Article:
• The California DMV was found to make $50M buy selling drivers’ personal information, including names, physical addresses, and car registration details. [Motherboard]
  • Cellular carriers are big on hoarding customers’ location histories. AT&T retains it for 5 years, T-Mobile for 2, Sprint for 1.5, and Verizon for a full year. [USA Today]

  • This nefarious Python-based trojan malware — dubbed “PyXie RAT” — gives attackers control of target Windows systems with the ability to monitor actions and steal sensitive data. [BlackBerry Cylance]
  • Google said it warned 12,000 people between July and September who were possibly targeted by state-sponsored attacks. 90% of the potential victims were targeted by credential phishing emails. [Google]
  • It’s been 5 years since the terrible Sony Pictures hack, and we’re still nowhere closer to figuring out who’s behind it. [The Hollywood Reporter]
  • A jumbo data leak comprised of 1.2 billion records, complete with Facebook, Twitter, and LinkedIn profiles, was found exposed on a single server owned by an unidentified entity before the FBI jumped in to take it down. [WIRED]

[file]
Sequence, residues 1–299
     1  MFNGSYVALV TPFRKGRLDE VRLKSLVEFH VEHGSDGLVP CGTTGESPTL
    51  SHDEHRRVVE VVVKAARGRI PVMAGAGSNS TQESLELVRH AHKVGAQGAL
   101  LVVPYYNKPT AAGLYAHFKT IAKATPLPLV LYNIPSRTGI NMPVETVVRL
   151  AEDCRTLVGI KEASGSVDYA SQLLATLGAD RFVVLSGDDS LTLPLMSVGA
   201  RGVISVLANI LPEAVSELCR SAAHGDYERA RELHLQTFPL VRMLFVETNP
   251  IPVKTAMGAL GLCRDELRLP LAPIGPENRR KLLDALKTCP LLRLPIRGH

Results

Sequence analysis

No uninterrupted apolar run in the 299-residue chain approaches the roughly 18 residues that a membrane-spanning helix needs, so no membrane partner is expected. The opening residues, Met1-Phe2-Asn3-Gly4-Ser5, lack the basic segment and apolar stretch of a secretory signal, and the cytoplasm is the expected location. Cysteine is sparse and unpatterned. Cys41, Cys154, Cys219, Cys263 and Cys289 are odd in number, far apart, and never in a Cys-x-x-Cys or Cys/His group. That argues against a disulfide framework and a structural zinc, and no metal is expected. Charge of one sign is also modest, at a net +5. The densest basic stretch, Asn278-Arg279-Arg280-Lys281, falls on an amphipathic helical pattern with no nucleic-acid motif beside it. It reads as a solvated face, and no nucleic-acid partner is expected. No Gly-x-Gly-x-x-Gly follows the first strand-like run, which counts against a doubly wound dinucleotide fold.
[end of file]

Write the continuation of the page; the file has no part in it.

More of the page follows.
• Several popular cybersecurity professionals on Twitter were approached by influencer marketer VizSense to promote Lenovo’s secure line of products and security services. [Axios]
  • Security researchers uncovered a broad hacking campaign — Golden Falcon aka DustSquad or APT-C-34 — targeting Kazakhstan. The campaign attempted to spy on journalists, foreign diplomats, researchers, and military personnel. [Qihoo 360]

  • Adobe-owned Magento e-commerce platform disclosed a new data breach that exposed account information of Magento marketplace users to unknown hackers. [The Hacker News]
  • Microsoft outlined plans to leverage Mozilla’s Rust programming language through Project Verona, which aims to make Windows more secure by eliminating memory issues. [ZDNet]